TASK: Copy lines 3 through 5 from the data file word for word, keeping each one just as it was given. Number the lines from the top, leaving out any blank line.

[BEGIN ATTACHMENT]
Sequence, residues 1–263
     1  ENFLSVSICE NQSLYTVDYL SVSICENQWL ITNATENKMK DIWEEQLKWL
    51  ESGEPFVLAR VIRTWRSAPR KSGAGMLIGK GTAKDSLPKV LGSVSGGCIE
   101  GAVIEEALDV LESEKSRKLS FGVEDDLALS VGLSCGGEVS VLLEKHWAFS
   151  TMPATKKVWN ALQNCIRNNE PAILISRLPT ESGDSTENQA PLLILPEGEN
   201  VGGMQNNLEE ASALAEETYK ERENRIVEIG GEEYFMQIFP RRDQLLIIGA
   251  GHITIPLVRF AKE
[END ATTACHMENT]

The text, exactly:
    51  ESGEPFVLAR VIRTWRSAPR KSGAGMLIGK GTAKDSLPKV LGSVSGGCIE
   101  GAVIEEALDV LESEKSRKLS FGVEDDLALS VGLSCGGEVS VLLEKHWAFS
   151  TMPATKKVWN ALQNCIRNNE PAILISRLPT ESGDSTENQA PLLILPEGEN